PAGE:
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Rosalyn Gold-Onwude

From Wikipedia, the free encyclopedia

Rosalyn Gold-Onwude
RGOIndiana2016.jpg
Gold-Onwude prepares for a post-game interview for CSN Bay Area after an Indiana PacersGolden State Warriors game in 2016.
Personal information
Born (1987-04-28) April 28, 1987 (age 32)
Queens, New York, U.S.
NationalityAmerican
Listed height5 ft 10 in (1.78 m)
Career information
High schoolArchbishop Molloy (Jamaica, New York)
CollegeStanford (2005–2010)
PositionShooting guard

Rosalyn "Ros" Gold-Onwude (born April 28, 1987) is a basketball analyst who calls games for Pac-12 Network, and the WNBA's New York Liberty on MSG. Nicknamed Ros, she was previously a reporter for the Golden State Warriors and the San Francisco 49ers. Gold-Onwude is a Stanford University graduate with a BA in communications and a master's degree in sociology.

Early life & playing career

Gold-Onwude was born in Queens, New York to Russian and Jewish mother Pat Gold and Nigerian father Austin Onwude.[1] She played high school basketball at Archbishop Molloy High School in Briarwood, N.Y. The team won two state titles in 2003 and 2004, but a knee injury finished her senior season early. Despite the injury, she graduated from Molloy as a highly decorated player and became the first female athlete in the program's history to play Division I basketball after accepting a scholarship to Stanford University. Gold-Onwude became Molloy's second all-time leading scorer and the all-time leader in steals and assists despite another knee injury. Later, in 2011, she was inducted into the GCHSAA Hall of Fame, another first for Molloy athlete. As a freshman, Gold-Onwude was the starting point guard for the 2005-06 Stanford team under coach Tara VanDerveer. The aforementioned second knee injury disabled and redshirted her for the entire 2006-07 season, but in 2007-08 she returned as a shooting guard. Stanford made three consecutive trips to the Final Four with Gold-Onwude on the team, and in her final season she was honored as the Pac-10 Defensive Player of the Year.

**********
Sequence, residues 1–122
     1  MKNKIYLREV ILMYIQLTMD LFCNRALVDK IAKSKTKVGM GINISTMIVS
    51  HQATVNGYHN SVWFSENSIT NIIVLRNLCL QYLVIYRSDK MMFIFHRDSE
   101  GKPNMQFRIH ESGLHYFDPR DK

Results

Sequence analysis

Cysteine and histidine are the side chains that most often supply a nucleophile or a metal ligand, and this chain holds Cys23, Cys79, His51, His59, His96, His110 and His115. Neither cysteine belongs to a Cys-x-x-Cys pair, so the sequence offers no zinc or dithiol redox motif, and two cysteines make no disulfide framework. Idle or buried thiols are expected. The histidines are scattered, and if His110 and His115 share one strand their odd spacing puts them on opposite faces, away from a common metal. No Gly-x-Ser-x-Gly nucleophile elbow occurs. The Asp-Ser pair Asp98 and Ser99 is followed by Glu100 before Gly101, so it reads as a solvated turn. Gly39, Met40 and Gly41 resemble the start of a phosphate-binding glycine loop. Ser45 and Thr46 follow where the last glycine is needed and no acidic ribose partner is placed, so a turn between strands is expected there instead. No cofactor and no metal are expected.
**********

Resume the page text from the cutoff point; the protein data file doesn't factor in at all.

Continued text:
Coach VanDerveer also had another tie to Gold-Onwude's family. Ros's mother, Pat Gold, roomed with her at the University of Albany, SUNY.[2]

Broadcasting

After graduating, Gold-Onwude worked briefly for Tesla Motors before switching to sports broadcasting. She has done broadcasting for TNT, Pac-12 Network and MSG, in addition to doing play-by-play for the WNBA's New York Liberty.[3] She also served as a sideline reporter for the Golden State Warriors from 2014-2017, and became quite well-known in that role in the Bay Area.[4] Despite being a full-time analyst, she still plays basketball. In 2011, the 5'10" point guard, whose father was born in Nigeria, found herself invited to play for the Nigerian national team and accepted after consulting with ESPN.[5] She is recognized as a leader among women sportscasters, and has said, "As a woman of color in sports broadcasting, I want to do good work and have a positive, visible influence"; and, "I hope other young women will look at what I'm doing and realize they too could have a career in sports media if they desire."[4]

On September 1, 2017, Gold-Onwude announced that she would be leaving NBC Sports Bay Area and accepted a job for TNT and NBA TV.[6]

In the summer of 2019, Gold-Onwude joined ESPN after TNT elected not to renew her contract. She currently is a fill-in host for First Take in the mornings.

References

  1. ^ "Rosalyn Gold-Onwude Is Going Places — and She's Taking Women of Color With Her". popsugar.com. Retrieved February 2, 2018.
  2. ^ "Rosalyn Gold-Onwude Crosses the Sideline in New Role with the Warriors".
  3. ^ "Rosalyn Gold-Onwude Speaking Fee and Booking Agent Contact". www.athletespeakers.com. Retrieved 2016-04-21.
  4. ^ a b "#NBCBLK28: Sideline Reporter Ros Gold-Onwude is Holding Court". NBC News. Retrieved 2016-04-21.
  5. ^ "NYC basketball trio chases Olympic dream with Nigerian women's national team".
  6. ^ "Warriors reporter Rosalyn Gold-Onwude moving to Turner Sports". mercurynews.com. 1 September 2017. Retrieved 1 September 2017.

External links

This page was last edited on 14 February 2020, at 13:48
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